Yuhong Bao said...

For non-profits this theory may be true, but unfortunately this blog article misapplied it to a public for-profit. For them this theory is IMO more like the theory I believe:
"The business model that governs all business is to make profit for the owners of the company for as long as possible. If the businesses do produce 'awesome' stuff it's only as a by-product of trying to make money."
Yep, have you heard of the short-termism of Wall Street?

Nina Simon said...

Anon and Yuhong,
I'm thinking about every artist I know, every musician trying to make it, every engineer with a crazy dream to make something great. These people are NOT focused on money. They are focused on making their dreams real. Don't you know people and startups like that?

Ron Mader said...

A year ago friends and I developed an English language training program for a craft town in rural Mexico where I have great relations with the community museum. The language program 'only' lasted 5 months and everyone in town an in the museum were supportive of the program. But others were distressed that the program wasn't structured to endure. "These programs need to be sustainable," they argued. I had a difficult time articulating the logic of creating what I now see is an unsustainable initiative within a larger framework.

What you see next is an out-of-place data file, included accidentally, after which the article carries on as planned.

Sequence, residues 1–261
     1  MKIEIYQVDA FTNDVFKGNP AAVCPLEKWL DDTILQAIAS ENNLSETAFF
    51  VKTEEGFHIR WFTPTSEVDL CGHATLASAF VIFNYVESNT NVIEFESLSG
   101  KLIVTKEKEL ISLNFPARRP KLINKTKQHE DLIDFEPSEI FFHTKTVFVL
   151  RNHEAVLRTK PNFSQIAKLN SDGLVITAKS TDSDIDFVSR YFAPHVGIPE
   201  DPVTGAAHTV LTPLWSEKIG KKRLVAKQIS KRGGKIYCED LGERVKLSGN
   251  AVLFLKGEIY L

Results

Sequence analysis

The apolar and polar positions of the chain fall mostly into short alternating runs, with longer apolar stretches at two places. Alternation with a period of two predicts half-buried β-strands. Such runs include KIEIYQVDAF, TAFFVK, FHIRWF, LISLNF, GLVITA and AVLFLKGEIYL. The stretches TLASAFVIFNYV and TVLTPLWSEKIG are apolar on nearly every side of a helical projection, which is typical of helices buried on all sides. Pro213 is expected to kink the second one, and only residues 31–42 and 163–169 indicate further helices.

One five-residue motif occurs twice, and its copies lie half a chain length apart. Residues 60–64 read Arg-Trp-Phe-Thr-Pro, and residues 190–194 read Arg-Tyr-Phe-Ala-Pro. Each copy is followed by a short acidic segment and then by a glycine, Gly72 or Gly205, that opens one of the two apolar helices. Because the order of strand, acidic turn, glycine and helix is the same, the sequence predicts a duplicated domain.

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johnverrill said...

For museums with collections, preservation of them is an ethical responsibility, therefore sustainability is the museum's responsibility. Museums are conservative organizations whose boards are less willing to take risk, but that being said museums that do not take risks in today's economy may very well fail. Museums need to serve the public good and seek that quality of "awsomeness" that will provide them with the means to survive just as businesses do when they seek to make a profit.

Move4less said...
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cash advance said...

There may be two issues here. (1) business models that are deliberately unsustainable and/or risky and (2) the time dimension, business models can go from a growth stage to a decline stage. With respect to the latter, this requires the notion of "business model life-cycle."

In addition to this, an organization can be involved in multiple businesses with different business models, requiring them to manage a "business model portfolio." Thereby, it can be beneficial to balance this portfolio by being involved in business models that are in different phases of their life-cycle, e.g. the BCG matrix.